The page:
But this is the kind of investment that Rupert Murdoch made when he had the Fox network in deep trouble and traditional broadcasters were waiting for him to shut down the network. He made a bet on the NFL and he took the NFL away from CBS. In one programming move, he got credibility, a lot of affiliates went to Fox and Fox became that incredible thing. The question is whether or not Stern and the major league baseball or other deals will pay off.
But I can tell you alternatively that if [satellite services] did not have content, I can guarantee you they would fail. Will they win with this content? Maybe. If they didn't have desirable content, would they win? The answer is no. You can have 200 radio stations available to you, but if there's nothing on that is different to the 200 stations that exist already, then you will fail.
Do you think Stern would have stayed with Viacom if you had been there?
No idea, but I would doubt it. As much as Howard and I had a good personal relationship, he did negotiate with me for a lot of money, and Viacom paid a lot. I started with Howard some 18 years ago because he said some things on GE that [former General Electric CEO] Jack Welch did not feel comfortable with. GE had the station called WNBC, and WNBC was not making that much money, so why should Jack Welch and GE shareholders put up with Howard, who was an embarrassment to them? The day he was fired, I called his agent and hired him the next day, and he's been with us for 18 years. Each time we renegotiated he asked for more money. He always complained about how much money we made vs. how much money he made. This deal will pay him an unbelievable amount of money. Would I have known in advance? Sure. Would I have had the ability to match a proposal? Sure. But at the end of the day, do I think he would have gone anyway? Sure.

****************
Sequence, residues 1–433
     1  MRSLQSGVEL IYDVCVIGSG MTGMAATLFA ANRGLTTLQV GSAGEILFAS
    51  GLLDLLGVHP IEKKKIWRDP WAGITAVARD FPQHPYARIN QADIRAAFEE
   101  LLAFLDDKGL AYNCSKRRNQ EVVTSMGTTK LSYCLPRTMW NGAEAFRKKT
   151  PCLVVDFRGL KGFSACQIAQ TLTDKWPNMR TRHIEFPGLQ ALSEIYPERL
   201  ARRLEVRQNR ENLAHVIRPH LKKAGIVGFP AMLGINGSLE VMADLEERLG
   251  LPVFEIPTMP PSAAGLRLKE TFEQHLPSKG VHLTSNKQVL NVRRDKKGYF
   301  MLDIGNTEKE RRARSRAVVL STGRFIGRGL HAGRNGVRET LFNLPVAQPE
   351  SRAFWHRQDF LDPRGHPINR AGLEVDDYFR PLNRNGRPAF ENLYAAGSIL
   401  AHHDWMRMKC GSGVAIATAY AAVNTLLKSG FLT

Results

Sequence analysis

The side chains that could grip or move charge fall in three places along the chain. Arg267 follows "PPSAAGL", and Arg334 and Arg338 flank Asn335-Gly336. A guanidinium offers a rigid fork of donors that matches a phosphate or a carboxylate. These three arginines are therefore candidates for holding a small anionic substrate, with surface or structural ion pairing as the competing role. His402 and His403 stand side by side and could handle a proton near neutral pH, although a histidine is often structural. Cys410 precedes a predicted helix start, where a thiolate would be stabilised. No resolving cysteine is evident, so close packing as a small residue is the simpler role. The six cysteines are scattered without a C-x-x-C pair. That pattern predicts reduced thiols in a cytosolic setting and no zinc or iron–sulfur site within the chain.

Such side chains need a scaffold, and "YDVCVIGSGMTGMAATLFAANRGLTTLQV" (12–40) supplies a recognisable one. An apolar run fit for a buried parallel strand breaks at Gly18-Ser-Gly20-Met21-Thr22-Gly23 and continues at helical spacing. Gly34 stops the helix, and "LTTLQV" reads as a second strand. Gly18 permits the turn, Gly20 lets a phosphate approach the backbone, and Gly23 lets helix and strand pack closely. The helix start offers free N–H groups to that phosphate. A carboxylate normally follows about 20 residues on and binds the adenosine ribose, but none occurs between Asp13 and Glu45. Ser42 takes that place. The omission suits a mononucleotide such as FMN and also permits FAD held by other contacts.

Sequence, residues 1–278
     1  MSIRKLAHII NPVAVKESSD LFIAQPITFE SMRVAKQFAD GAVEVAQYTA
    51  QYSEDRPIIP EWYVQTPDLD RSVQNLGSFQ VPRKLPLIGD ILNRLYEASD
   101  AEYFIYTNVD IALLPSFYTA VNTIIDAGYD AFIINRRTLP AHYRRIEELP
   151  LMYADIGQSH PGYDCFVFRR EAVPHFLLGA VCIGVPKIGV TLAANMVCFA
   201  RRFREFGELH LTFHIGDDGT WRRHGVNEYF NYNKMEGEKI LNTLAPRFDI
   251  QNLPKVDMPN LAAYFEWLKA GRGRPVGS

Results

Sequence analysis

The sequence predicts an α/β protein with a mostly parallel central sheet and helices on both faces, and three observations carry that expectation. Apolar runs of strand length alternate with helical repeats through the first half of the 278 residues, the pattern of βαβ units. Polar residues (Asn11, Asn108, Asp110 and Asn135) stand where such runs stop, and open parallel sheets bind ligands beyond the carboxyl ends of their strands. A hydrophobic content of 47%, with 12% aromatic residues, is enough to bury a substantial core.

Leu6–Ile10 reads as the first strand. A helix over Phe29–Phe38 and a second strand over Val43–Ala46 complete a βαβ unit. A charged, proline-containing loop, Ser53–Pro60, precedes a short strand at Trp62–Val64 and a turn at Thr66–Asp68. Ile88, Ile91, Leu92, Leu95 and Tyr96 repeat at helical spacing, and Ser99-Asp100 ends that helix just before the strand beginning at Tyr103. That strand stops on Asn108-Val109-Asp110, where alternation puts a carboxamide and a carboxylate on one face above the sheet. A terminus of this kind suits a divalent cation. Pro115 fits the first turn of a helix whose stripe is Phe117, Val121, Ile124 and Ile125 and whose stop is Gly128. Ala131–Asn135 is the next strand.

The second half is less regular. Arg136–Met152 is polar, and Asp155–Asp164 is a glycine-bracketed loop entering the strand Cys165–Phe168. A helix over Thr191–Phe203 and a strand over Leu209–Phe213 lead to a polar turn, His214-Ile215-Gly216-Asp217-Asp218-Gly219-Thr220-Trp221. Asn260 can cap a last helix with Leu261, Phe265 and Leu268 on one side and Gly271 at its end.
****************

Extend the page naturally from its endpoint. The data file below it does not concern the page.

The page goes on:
When it comes to Howard Stern, the issue of free speech comes to mind. Has it been more difficult to exercise free speech in the U.S. recently? Is that what you hold against the FCC?